Suicide Awareness

I know it’s towards the end of the month and all, but honestly I’d feel like a complete douche if I didn’t make an attempt at a post about Suicide Awareness Month.

I find it ironic; September is a pretty depressing month with school starting and summer being over. I guess if you work in a tourist town, the ending of summer signifies less stress on you, but in my opinion September just sucks. It sucks. That should be a name of a band: September Sucks.

If someone uses that, I get a portion of your earnings, remember that. I will hunt you down, don’t think I wont. I’m fucking crazy.

On a more serious note, we’ve lost many people to suicide and a lot of families will forever hurt because of it. The good news is, suicide is highly preventable, it just takes patience, understanding, and the ability to recognize possible signs. There are classic signs–someone giving away valuable belongings, talking often about wanting to die even in a joking manner and especially if they’ve got a history of depression/depressive symptoms, withdrawing into isolation, or talking about being trapped in a situation without any sign of hope for the future–and then there are not so obvious signs. Those aren’t easy to spot because, well, they aren’t in your face. You’d have to be a trained professional for about thirty years to recognize them and even then you might not.

I don’t know how many of you are into “Let’s Play’s” on YouTube or whatever, but I learned of them through my boyfriend when we first started dating. He, his brother, and his sister watch a guy called Markiplier. I didn’t really get it at first, I mean it’s some dude playing a video game and making comments while he’s doing it. Couldn’t I just play the game for myself? But he was funny some times. I mean, I guess I was aware of PewDiePie, I remember when he started his channel, but I’d never watched him as obsessively as they watched this guy. Eventually I subscribed just because he entertained me sometimes, especially when I wasn’t feeling my best. I also didn’t know my subscription helps pay his salary.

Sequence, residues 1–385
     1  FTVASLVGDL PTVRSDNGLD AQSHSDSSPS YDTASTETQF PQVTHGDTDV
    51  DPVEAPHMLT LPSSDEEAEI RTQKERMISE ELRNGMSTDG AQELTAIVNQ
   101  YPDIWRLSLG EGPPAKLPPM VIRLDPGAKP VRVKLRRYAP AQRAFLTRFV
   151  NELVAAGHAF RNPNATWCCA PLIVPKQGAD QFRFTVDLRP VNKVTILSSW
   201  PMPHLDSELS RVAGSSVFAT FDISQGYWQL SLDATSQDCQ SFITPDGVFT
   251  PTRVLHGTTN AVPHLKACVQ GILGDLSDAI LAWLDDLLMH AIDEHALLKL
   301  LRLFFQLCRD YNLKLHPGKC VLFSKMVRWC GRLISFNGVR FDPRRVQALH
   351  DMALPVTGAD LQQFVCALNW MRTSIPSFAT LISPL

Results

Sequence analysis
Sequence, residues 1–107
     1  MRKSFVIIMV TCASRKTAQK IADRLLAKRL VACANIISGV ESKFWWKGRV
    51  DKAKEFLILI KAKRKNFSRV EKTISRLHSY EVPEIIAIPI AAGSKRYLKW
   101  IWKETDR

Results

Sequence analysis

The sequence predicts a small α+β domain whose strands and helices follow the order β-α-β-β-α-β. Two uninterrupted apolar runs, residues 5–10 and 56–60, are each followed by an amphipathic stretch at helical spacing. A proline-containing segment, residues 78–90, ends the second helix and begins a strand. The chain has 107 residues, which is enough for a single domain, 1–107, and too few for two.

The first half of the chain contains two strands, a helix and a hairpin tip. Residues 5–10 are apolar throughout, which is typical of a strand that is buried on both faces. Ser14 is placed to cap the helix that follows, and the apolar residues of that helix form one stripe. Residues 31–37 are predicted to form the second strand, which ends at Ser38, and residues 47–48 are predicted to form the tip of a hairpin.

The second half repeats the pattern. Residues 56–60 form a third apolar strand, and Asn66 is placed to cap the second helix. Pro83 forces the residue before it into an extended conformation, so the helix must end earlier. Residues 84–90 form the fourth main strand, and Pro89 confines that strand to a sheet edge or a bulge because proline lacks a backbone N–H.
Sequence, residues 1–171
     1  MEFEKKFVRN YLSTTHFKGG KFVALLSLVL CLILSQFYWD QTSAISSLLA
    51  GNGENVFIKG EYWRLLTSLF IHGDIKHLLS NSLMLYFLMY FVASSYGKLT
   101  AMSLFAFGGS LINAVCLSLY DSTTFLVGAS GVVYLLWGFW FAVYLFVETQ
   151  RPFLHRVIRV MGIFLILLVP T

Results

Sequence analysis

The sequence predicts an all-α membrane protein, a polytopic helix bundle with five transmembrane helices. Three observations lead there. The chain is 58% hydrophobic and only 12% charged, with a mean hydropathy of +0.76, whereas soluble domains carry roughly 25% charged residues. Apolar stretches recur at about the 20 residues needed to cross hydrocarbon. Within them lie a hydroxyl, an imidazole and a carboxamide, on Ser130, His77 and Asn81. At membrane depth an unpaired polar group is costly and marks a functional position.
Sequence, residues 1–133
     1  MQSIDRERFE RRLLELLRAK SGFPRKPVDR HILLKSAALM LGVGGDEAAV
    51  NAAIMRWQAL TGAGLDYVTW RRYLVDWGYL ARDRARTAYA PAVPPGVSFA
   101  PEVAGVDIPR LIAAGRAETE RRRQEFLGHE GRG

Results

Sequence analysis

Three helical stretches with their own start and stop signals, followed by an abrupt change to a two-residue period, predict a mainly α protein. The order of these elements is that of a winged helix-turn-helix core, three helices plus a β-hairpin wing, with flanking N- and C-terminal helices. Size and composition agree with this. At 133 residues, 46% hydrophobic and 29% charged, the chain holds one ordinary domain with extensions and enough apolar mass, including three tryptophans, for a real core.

I think as a subscriber I should get a portion of that money. I mean, it’s a lot of work searching the name on YouTube and having to put my aching hand on the mouse and click the button and . . . ugh, it’s so much work that I’d like a little compensation for my labor.

Anyway, I was shocked and devastated to find out last week one of the members of the group Cyndago that worked closely with Markiplier committed suicide. Last night before class I got a text from my boyfriend saying his uncle was contemplating suicide. So it’s all around us, every day, every hour, across the globe, and it hurts to think we’re losing so many to an invisible fight. I don’t think anyone has captured the depth depression plagues people’s souls better than this man on Facebook:

Alex Sunny Hur On Daniel Kyre of Cyndago: I’ve experienced suicide in my life and battle with major clinical depression personally, and have helped with many support groups over the years. Your burning question is “Why”. Why, when everything seems so great or promising in the individual’s life? Why, when they were loved? Why didn’t they feel happy, glad or grateful? Listen. Depression does not mean feeling sad all the time. 90% of the time, they feel nothing at all, a blank void where other emotions should be. The remaining 10%, the rough parts healthy people would brush off as inconsequential, are devastating to someone with depression. They have no buffers, no barriers to protect their soul from the day-to-day ills of life. It’s as if they have no immune system, so a common cold can be deadly. That’s what depression really is.

I also have brain cancer. When I die, it will be from cardiovascular failure or pulmonary failure or shock, but when people talk about it they will say the truth: I died of cancer. This young man, Daniel, did not die of suicide. Suicide by definition blames the victim. He died of depression, and don’t you forget it. There is your “why”. There is no greater truth. He had a physical disease, and though he battled it no doubt for years, he eventually succumbed, just like many cancer victims. Those who succumb are not at fault and are not to blame. They are not weak. There was no lack of love. After all, they’ve been fighting an invisible war all while smiling for you, and wanting to see you smile.